Denomination of the Week: Beachy Amish
Hollywood and television routinely portray all Amish people as alike. They ride in black horse-drawn buggies and don’t own motor vehicle; the men wear beards and funny hats; the women wear plain dresses down to their ankles and with long sleeves; they all farm or make furniture; they live without electricity. Many people’s images of the Amish come from movies like “Witness” starring Harrison Ford as a big city detective who takes refuge with an Amish family and falls in love with their daughter (1985). And then there are the numerous Christian Amish romance novels packing the shelves of Christian bookstores. And then there are the television documentary shows about the Amish practice of “Rumspringa” which always focus on the Amish adolescents and early adults “partying.”
But not all Amish are alike. In fact, there is at least one denomination of Amish that uses electricity, drives motor vehicles, and owns cameras and computers (but not televisions or radios). They don’t fit the Hollywood-television-fiction stereotype of “the Amish.” They are called “Beachy Amish Mennonites.”
A few years ago I was driving on a country highway not far from where I live and happened to pass a modern-looking church whose sign said “Faith Mennonite Fellowship.” There aren’t a lot of Mennonites or other Anabaptists around here, so I looked the church up on the internet when I got home. I discovered it is a congregation of “Beachys”—Beachy Amish (who also sometimes call themselves Mennonites).
I made contact with an elder (by e-mail!) and eventually took one of my classes to the church on a field trip. Inside and outside it looks just like any smallish Baptist or other church. The elder and his wife sat and talked with us in the back of the sanctuary for an hour. They answered all our questions—emphasizing their similarities with but differences from “Old Order” Amish and Mennonites. We discovered this particular church, one of only a handful in the state, was founded as a mission to this region from Beachy Amish churches in Ohio.
Two years later I invited two elders of that Beachy congregation to my class—to talk about the Radical Reformation today. They arrived in plain dress—denim jeans and open collar shirts—and spoke plainly. They admitted that they never went to seminary and so were a bit nervous talking to a seminary church history/historical theology class. But after a few minutes everyone relaxed and they came across as not that different from country Baptists.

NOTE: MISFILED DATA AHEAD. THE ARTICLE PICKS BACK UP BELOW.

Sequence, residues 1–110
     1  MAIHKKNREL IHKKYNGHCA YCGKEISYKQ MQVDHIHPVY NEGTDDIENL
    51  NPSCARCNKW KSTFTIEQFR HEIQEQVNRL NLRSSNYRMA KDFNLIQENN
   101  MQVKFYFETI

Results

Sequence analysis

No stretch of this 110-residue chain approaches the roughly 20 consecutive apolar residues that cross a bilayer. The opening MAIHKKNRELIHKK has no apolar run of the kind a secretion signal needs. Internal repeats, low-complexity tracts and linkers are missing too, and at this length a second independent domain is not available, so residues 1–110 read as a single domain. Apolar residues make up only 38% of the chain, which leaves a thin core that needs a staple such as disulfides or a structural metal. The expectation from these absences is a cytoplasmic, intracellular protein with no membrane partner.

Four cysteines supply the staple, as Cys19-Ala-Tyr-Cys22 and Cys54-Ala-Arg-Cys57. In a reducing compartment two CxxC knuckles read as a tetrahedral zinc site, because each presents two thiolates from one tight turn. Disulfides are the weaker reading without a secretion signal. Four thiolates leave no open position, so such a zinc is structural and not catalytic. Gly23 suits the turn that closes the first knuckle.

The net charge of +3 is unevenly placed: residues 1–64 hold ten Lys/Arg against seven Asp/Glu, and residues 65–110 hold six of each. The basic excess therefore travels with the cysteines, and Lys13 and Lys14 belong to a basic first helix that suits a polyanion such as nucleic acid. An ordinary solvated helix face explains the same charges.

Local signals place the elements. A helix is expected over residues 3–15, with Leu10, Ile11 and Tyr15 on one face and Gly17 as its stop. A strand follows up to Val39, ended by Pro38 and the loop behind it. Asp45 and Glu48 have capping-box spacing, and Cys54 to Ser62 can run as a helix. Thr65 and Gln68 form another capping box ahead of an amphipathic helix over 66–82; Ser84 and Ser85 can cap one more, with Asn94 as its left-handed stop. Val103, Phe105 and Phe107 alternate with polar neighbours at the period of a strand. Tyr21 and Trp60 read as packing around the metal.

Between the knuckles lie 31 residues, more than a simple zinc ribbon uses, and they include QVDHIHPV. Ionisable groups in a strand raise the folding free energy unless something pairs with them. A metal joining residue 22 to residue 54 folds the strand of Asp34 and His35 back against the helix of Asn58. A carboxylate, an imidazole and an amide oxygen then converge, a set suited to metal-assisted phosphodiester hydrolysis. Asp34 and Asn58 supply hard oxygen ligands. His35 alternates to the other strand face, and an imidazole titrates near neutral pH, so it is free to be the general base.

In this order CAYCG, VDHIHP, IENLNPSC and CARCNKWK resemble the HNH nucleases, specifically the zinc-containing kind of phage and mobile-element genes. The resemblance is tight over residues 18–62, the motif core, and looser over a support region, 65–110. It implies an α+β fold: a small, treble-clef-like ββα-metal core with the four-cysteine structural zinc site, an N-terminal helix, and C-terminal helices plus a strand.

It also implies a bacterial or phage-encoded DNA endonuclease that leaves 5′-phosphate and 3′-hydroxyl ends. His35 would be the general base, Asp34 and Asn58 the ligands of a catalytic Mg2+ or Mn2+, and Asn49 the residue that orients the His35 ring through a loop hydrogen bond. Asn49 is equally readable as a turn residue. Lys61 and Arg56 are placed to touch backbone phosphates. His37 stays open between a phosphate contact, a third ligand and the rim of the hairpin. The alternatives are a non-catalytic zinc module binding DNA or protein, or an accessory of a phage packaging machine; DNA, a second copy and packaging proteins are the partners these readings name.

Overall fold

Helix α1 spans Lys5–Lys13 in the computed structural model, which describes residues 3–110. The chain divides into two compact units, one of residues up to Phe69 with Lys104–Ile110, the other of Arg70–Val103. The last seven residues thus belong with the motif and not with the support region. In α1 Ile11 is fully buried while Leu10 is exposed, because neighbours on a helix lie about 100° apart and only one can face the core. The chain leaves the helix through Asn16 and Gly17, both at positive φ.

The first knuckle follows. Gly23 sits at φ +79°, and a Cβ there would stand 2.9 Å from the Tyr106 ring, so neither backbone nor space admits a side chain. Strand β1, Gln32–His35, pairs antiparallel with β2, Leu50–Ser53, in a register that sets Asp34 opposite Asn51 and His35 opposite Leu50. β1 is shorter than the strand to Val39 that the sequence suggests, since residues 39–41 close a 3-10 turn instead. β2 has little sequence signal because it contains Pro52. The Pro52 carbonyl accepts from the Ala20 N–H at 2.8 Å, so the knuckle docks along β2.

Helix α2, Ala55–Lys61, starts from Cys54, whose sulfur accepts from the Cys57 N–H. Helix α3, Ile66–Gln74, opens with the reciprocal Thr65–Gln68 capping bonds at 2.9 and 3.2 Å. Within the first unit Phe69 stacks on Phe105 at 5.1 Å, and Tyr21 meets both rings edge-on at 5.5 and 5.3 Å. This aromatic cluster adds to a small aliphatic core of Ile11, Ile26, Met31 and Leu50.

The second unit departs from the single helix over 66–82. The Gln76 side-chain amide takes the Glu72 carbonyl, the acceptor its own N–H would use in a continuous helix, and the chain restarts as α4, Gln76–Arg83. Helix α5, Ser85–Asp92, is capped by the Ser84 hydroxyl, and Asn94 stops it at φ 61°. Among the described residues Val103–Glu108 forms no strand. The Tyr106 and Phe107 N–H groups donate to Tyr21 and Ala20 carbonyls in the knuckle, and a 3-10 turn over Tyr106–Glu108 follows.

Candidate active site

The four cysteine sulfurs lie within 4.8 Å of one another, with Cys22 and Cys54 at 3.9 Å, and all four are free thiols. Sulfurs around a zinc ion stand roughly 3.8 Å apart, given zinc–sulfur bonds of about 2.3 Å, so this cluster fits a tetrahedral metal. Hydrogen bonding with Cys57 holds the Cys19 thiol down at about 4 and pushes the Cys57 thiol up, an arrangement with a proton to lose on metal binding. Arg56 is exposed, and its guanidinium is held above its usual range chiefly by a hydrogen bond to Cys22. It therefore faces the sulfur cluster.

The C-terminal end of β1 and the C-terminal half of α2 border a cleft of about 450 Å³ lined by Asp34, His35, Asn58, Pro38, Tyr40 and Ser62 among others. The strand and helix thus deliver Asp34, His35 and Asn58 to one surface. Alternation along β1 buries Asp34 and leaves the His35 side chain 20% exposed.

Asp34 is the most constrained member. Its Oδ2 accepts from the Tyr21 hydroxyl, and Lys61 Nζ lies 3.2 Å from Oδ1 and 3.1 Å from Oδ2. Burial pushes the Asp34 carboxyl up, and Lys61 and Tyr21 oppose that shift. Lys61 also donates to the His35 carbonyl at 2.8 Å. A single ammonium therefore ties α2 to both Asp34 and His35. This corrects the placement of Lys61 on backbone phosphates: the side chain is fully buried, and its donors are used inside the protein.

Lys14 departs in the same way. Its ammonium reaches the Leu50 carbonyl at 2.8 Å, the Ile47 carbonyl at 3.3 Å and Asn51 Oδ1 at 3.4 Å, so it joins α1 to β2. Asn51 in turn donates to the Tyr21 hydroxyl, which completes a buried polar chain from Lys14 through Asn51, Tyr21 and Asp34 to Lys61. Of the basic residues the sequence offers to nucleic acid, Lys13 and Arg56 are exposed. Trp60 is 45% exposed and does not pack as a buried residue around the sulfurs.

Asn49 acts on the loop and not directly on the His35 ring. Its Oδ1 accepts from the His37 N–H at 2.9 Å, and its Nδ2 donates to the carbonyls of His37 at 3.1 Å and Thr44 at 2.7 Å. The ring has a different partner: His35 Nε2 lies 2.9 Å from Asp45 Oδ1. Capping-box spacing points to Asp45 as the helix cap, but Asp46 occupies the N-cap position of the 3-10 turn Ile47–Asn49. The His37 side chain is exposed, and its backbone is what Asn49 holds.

Beachy Amish history began around 1927 when an Old Order Amish bishop named Moses M. Beachy began separating himself and his followers from other Old Order Amish in Pennsylvania and Ohio. They are considered the most “progressive” of the Amish groups because of their acceptance of electricity, motor vehicles, computers, missionary work, etc. They are not as “separated” from the rest of society as other Amish, but neither are they modern Mennonites. Like all Mennonites and Amish they are pacifists and eschew holding government jobs that might entangle them in even remote association with violence. Like other Old Order Mennonites and Amish they emphasize “simple living.” For them, however, that does not mean avoiding everything of the modern industrial revolution; it means not participating in “conspicuous consumption” as promoted by advertising. The cars they drive are relatively inexpensive. The women wear no jewelry or makeup. On the other hand, they might live next door to you and own a small business in town.
The Beachy Amish describe their theology as “evangelical” and I found that to be true in my/our conversations with them. When visiting their church with my class I perused their hymnbook. I knew most of the hymns from childhood. (I often describe the Pentecostal church I grew up in as “urban Amish.” In the 1950s we frowned on television, strictly avoided movie theaters, and emphasized simple living.) They baptize repentant sinners, including their own youths, at around age sixteen—by pouring. They have “bishops” but their congregations are autonomous. The “denomination” is really just a network of congregations with no central headquarters, college or seminary. They practice foot washing as an ordinance alongside baptism and the Lord’s Supper.
All Amish groups can be traced back, as to their historical-theological roots, to the Radical Reformation of the sixteenth century and more specifically to the “Swiss Brethren” who, in 1525, began “re-baptizing” each other in Zurich. (The word “Anabaptist” simply means “re-baptizer.) The Swiss Brethren were reformer Ulrich Zwingli’s followers who thought he and other “magisterial reformers” were allowing civil governments to determine too much the course of the Reformation. They wanted to restore the primitive New Testament church; in their eyes and to their minds Luther, Zwingli and other mainline reformers were not sufficiently cleansing the churches of Catholic elements. They were persecuted, even killed, by both Catholics and Protestants. Many survived by hiding and moving around. The word “Mennonite” comes from the name of Menno Simons, a leading sixteenth century Dutch Anabaptist theologian and church leader. It was he, especially, who turned the Anabaptists toward pacifism.
The Amish branch of Anabaptists began with Swiss Anabaptist leader Jakob Amman who, in 1693, founded a new branch of the Swiss Brethren emphasizing separation from budding modernity and strict church discipline (“shunning”) of “brethren” who sinned without public repentance (to the elders, to the congregation). Many Amish fled European persecution to the “New World” where they tended to settle in Pennsylvania because of the Quaker/Friends there. Although their historical-theological roots are different, the Friends and Amish share pacifism and religious liberty (before that became the norm in either Europe or much of America).